I spent a good amount of time as an intern with Maitri in the office researching the organization’s various projects, and writing material about them for grant proposals and web content. I also had fun and felt rewarded during my time teaching at the Children’s Tutorial Centre. Education is incredibly important for children’s development (and for society and humankind), and I’m happy I was able to participate in this aspect of Maitri’s work.


Visiting some of Maitri’s project sites significantly impacted me. Seeing Maitri’s health camps for rickshaw‐pullers demonstrated the importance of Maitri’s work. My respect for Maitri and its misson was deepened even further when I went to visit the widow mothers in Vrindivan and the young women learning vocational skills at Maitrigram. I also felt the power of Maitri’s outreach in the office, as the Maitri staff provided counseling and support to domestic violence victims.


Maitri is dedicated to promoting human dignity and loving kindness. These values are reflected in the organization’s office environment, where I was immediately welcomed in as a member of the family. I will miss India and the new friends I made here.


Rabia Mahmood

May – July 2012

Upon coming to India from the United States, I don’t think a lot of students know exactly what to expect. Being South Asian myself, I thought I had a good idea of what was in store for me at Maitri—however the experience went well beyond my expectations. Studying Psychology and Gender &Health at the University of Michigan, I spend a lot of time with my head in the books, with my coursework focusing on HIV/AIDS and reproductive social justice—however, books only halfway prepared me from what I was about to see here. It has been a once in a lifetime experience here at Maitri. One where I have had so many opportunities and resources placed in front of me that I am sad to go. My experiences here have not only played a huge role in advancing my career goals, but also personally affected me and helped me gain a lot of insight into my own lifestyle and perspective.


Specifically speaking, I had the chance to visit and work with the students at the Maitrigram, young girls from nearby slums who arelearning to stitch. It really was such a humbling experience. I got to sit with girls who were so similar to me in age and chat with them about marriage, family, and religion- the whole time thinking how we are so comparable, yet live in completely different worlds. I sat with Prabah Ma’am, the instructor at Maitrigram who takes multiple bus transfers every morning to teach the girls, and took up a piece of fabric and needle for myself—thinking, I’d get some vocational training of my own. 30 minutes later I was struggling to get the stitches right and wanted to give up. Just that single feeling gave me so much insight to what vulnerable populations in India might feel like, how they work hard towards things that might help them succeed- all the while wondering if it will even be worth it in the end. The stitching classes at Maitrigram offered me such a unique opportunity to interact with young girls in India—despite that they are living in the slums, these girls still have some of the cutest jokes, warmest smiles, and beautiful laughs in all of Delhi.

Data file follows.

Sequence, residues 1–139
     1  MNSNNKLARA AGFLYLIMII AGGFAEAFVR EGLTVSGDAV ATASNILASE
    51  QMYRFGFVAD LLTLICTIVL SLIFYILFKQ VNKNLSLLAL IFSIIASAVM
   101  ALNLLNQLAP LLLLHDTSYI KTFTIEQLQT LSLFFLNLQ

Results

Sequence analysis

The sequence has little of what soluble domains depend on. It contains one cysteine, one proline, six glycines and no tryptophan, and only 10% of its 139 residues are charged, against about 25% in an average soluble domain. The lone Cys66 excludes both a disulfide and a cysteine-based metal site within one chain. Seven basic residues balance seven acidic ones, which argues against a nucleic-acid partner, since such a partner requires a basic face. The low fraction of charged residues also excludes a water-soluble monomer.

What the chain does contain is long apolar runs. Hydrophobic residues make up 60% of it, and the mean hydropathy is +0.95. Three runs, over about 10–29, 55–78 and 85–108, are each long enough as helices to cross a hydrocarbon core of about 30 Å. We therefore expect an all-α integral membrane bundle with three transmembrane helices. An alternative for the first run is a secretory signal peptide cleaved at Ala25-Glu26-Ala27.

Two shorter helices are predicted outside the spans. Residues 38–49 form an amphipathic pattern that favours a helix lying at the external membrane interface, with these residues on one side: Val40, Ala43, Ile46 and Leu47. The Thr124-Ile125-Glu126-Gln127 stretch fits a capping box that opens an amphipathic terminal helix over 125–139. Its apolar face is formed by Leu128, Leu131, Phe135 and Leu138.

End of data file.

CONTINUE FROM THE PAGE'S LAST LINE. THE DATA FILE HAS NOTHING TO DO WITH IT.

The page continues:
Another opportunity I had at Maitri was at the ICTC center, where Rajrani Ma’am and Laxmi Ma’am offered HIV testing and counseling on a daily basis. This was especially interesting for me to see because of my academic interests in HIV/AIDS. After studying the epidemiology of the virus, all sorts of symptoms, and numerous global prevention strategies I was most looking forward to Spending my time in the ICTC Center. However, like I said—no amount of books could have prepared me for what I’d see at Maitri, and on my first day on the job in the testing clinic we had a women and her brother both come in and test positive for HIV. I sat and watched her Expressionless face as she was counseled on how to keep from spreading the virus to her two children. And as I watched her stare at the ground occasionally nodding without much expression, my heart broke at the thought of how marginalized people with HIV/AIDS are not only in India, but all over the world. The experiences here at Maitri have offered me so much practical knowledge about my studies, steering away from numbers and treatments and more towards empathy and tact. In addition, working at Maitri has given me the drive to continue my studies and work towards health equity for the global HIV/AIDS epidemic.


Having the opportunity to come to India has been such a blessing. The staff here at Maitri has been so generous in offering me any resource that may further my studies and I have a huge amount of gratitude and respect for all the people I have met these past 5 weeks. From introducing me to tiny children in the Children’s Tutorial Centre beneath the main office to allowing me the opportunity to see the beautiful mountains in Dharamsala for the Domestic Violence Awareness Workshop—I can honestly say I have made the most of my 5 weeks here and look forward to spending the rest of my summer consolidating my research and creating a better bank of knowledge about HIV/AIDS at the University of Michigan.


A special thank you to Winnie Ma’am & General Sir, Sonal, Anita, Rajrani, Piyali, Deepika, and my fellow interns Andrew, Ashely, Anna, and Nandini—I have learned so much from each and every one of you and it has shifted my perspective on so many things I never truly understood. The Maitri cause is honestly one of the most genuine NGO’s I have experienced and it has truly been an honor getting the chance to be a part of the Maitri family!